United States District Court, M.D. Tennessee, Nashville Division
WAVERLY D. CRENSHAW, JR. CHIEF UNITED STATES DISTRICT JUDGE.
Hill, an inmate in the custody of the Davidson County
Sheriff's Office in Nashville, Tennessee, filed this pro
se, in forma pauperis action under 42 U.S.C. § 1983
against f/n/u Rickman and the Davidson County Sheriff's
Office. (Doc. No. 1).
complaint is before the Court for an initial review pursuant
to the Prison Litigation Reform Act (“PLRA”), 28
U.S.C. §§ 1915(e)(2) and 1915A.
PLRA Screening Standard
the PLRA, the Court must conduct an initial review of any
civil complaint brought by a prisoner if it is filed in forma
pauperis, 28 U.S.C. § 1915(e)(2), seeks relief from
government entities or officials, 28 U.S.C. § 1915A, or
challenges the prisoner's conditions of confinement. 42
U.S.C. § 1997e(c). Upon conducting this review, the
Court must dismiss the complaint, or any portion thereof,
that fails to state a claim upon which relief can be granted,
is frivolous, or seeks monetary relief from a defendant who
is immune from such relief. 28 U.S.C. §§ 1915(e)(2)
and 1915A; 42 U.S.C. § 1997e(c). The Sixth Circuit has
confirmed that the dismissal standard articulated by the
Supreme Court in Ashcroft v. Iqbal, 556 U.S. (2009),
and Bell Atlantic Corp. v. Twombly, 550 U.S. 544,
127 S.Ct. 1955, 167 L.Ed.2d 929 (2007), “governs
dismissals for failure to state a claim under those statutes
because the relevant statutory language tracks the language
in Rule 12(b)(6).” Hill v. Lappin, 630 F.3d
468, 470-71 (6th Cir. 2010). Thus, to survive scrutiny on
initial review, “a complaint must contain sufficient
factual matter, accepted as true, to ‘state a claim to
relief that is plausible on its face.'”
Iqbal, 556 U.S. at 678 (quoting Twombly,
550 U.S. at 570). “A claim has facial plausibility when
the plaintiff pleads factual content that allows the court to
draw the reasonable inference that the defendant is liable
for the misconduct alleged.” Id. (citing
Twombly, 550 U.S. at 556).
reviewing the complaint to determine whether it states a
plausible claim, “a district court must (1) view the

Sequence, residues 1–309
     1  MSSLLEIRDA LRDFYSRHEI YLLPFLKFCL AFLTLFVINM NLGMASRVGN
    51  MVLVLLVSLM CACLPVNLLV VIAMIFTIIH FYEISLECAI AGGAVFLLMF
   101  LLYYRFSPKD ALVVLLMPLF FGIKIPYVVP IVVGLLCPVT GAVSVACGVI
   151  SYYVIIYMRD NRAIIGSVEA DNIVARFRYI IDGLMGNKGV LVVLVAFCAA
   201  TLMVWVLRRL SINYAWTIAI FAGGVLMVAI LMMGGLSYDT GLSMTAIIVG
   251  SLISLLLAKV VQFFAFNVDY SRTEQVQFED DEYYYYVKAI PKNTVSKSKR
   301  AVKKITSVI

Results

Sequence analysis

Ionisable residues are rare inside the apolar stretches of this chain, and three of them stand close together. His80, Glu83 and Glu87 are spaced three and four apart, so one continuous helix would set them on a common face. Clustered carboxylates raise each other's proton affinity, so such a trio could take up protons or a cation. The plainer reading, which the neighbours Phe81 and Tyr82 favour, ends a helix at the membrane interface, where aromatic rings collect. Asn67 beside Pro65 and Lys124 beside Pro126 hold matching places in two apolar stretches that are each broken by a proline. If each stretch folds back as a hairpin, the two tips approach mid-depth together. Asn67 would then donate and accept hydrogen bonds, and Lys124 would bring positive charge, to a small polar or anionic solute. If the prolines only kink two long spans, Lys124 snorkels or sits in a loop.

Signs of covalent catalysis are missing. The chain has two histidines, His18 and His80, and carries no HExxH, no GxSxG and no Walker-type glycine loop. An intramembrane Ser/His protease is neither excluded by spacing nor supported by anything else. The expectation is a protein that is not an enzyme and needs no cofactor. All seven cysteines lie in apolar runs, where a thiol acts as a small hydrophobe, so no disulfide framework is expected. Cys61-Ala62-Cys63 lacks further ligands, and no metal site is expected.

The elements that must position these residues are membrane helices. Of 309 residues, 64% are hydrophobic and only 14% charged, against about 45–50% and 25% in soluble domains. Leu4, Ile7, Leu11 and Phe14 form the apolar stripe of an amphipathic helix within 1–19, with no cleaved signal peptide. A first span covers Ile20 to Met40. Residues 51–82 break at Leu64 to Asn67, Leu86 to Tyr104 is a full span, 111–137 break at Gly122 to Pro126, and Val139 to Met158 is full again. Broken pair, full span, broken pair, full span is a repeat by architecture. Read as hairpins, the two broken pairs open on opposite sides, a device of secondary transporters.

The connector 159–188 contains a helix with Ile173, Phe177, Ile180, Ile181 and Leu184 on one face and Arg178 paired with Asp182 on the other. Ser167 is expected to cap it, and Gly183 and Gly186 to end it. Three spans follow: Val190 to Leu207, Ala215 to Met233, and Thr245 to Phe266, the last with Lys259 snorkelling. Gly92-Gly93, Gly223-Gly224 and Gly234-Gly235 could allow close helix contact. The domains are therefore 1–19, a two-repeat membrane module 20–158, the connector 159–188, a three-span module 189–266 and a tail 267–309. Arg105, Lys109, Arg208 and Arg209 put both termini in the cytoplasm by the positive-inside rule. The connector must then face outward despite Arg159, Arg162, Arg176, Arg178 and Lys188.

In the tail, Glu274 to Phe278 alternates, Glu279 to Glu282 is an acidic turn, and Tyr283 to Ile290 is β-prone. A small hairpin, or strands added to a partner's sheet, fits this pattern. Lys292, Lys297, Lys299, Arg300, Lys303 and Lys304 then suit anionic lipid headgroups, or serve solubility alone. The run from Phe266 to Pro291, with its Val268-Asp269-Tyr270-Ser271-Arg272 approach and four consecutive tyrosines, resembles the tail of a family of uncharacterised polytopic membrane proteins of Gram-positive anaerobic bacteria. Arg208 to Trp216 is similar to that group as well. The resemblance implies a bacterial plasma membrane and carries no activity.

complaint in the light most favorable to the plaintiff and
(2) take all well-pleaded factual allegations as true.”
Tackett v. M & G Polymers, USA, LLC, 561 F.3d
478, 488 (6th Cir.2009) (citing Gunasekera v. Irwin,
551 F.3d 461, 466 (6th Cir.2009) (citations omitted)). A pro
se pleading must be liberally construed and “held to
less stringent standards than formal pleadings drafted by
lawyers.” Erickson v. Pardus, 551 U.S. 89, 94
(2007) (citing Estelle v. Gamble, 429 U.S. 97, 106
Section 1983 Standard
42 U.S.C. § 1983 creates a cause of action against any
person who, acting under color of state law, abridges
“rights, privileges, or immunities secured by the
Constitution and laws . . . .” To state a claim under
Section 1983, a plaintiff must allege and show two elements:
(1) that he was deprived of a right secured by the
Constitution or laws of the United States; and (2) that the
deprivation was caused by a person acting under color of
state law. Dominguez v. Corr. Med. Servs., 555 F.3d 543,
549 (6th Cir. 2009) (quoting Sigley v. City of
Panama Heights, 437 F.3d 527, 533 (6th Cir.
2006)); 42 U.S.C. § 1983.
complaint alleges that, while in the custody of the Davidson
County Sheriff's Office, Plaintiff was placed in a cold
cell called “the stupid box” on April 8, 2019
after being charged with an assault on another inmate. (Doc.
No. 1 at 5). Plaintiff was not provided with a blanket or
mat. Overnight, he became so cold that he “had to lay
on the floor under the metal bunk to try and warm up.”
(Id.) Plaintiff was confined in the stupid box for
at least twelve hours. The charge against Plaintiff was later
dismissed, and the complaint alleges that Plaintiff was
placed in “that cold box for no reason.”
(Id.) The complaint seeks compensation for
Plaintiff's pain and suffering and mental anguish for
“lack of sleep and laying on metal bunk and concrete
floor.” (Id. at 6).
complaint names only two Defendants: f/n/u Rickman in his
individual capacity and the Davidson County Sheriff's
other than being listed as a Defendant, f/n/u Rickman is not
mentioned in the narrative of the complaint or anywhere else
in the complaint. (See Doc. No. 1 at 5). A plaintiff must
identify the right or privilege that was violated and the
role of the defendant in the alleged violation. Miller v.
Calhoun Cnty., 408 F.3d 803, 827 n.3 (6th Cir. 2005); Dunn v.
Tenn., 697 F.2d 121, 128 (6th Cir. 1982). Because Plaintiff
does not allege the personal involvement of f/n/u Rickman in
the events set forth in the complaint, Plaintiff has not
established a basis for imposing individual liability on this
Defendant. See Rizzo v. Goode, 423 U.S. 362, 371 (1976);
Heyerman v. Cnty. of Calhoun, 680 F.3d 642, 647 (6th Cir.
2012). Thus, Plaintiff's claims against f/n/u Rickman
must be dismissed.
also names the Davidson County Sheriff's Office as a
Defendant. The law is clear that a sheriff's office is
not an entity that may be sued under § 1983. Matthews v.
Jones, 35 F.3d 1046, 1049 (6th Cir.1994); see Mathes v.
Metro. Gov't of Nashville & Davidson Cnty., No. 3:10-
cv-0496, 2010 WL 3341889, at **2-3 (M.D. Tenn. Aug. 25, 2010)
(noting that “since Matthews, federal district courts
in Tennessee have frequently and uniformly held that police
departments and sheriff's departments are not proper
parties to a § 1983 suit” under Tennessee law, and
therefore granting the motion to dismiss the § 1983
claim against the Davidson County Sheriff's Office); see
also Harding v. Davidson Cnty. Sheriff's Office, No.
3:13-cv-0449, 2013 WL 2178029, at *3 (M.D. Tenn. May 20,
2013) (explaining that the Sheriff's Office is a division
of the Metropolitan Nashville and Davidson County but is not
itself a separate ...